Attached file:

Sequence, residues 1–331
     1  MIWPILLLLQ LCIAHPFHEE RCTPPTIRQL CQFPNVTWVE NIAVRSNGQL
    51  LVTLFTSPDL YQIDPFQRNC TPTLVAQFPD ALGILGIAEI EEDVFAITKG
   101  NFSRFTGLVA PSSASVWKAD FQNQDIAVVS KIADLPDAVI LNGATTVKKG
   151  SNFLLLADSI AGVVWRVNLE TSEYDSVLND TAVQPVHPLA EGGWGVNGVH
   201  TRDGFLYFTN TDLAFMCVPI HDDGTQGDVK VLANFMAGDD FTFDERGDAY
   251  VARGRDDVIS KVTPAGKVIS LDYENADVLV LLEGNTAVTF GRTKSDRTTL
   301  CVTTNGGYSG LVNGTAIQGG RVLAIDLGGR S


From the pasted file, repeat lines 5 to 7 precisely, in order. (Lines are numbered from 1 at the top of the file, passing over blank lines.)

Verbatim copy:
   151  SNFLLLADSI AGVVWRVNLE TSEYDSVLND TAVQPVHPLA EGGWGVNGVH
   201  TRDGFLYFTN TDLAFMCVPI HDDGTQGDVK VLANFMAGDD FTFDERGDAY
   251  VARGRDDVIS KVTPAGKVIS LDYENADVLV LLEGNTAVTF GRTKSDRTTL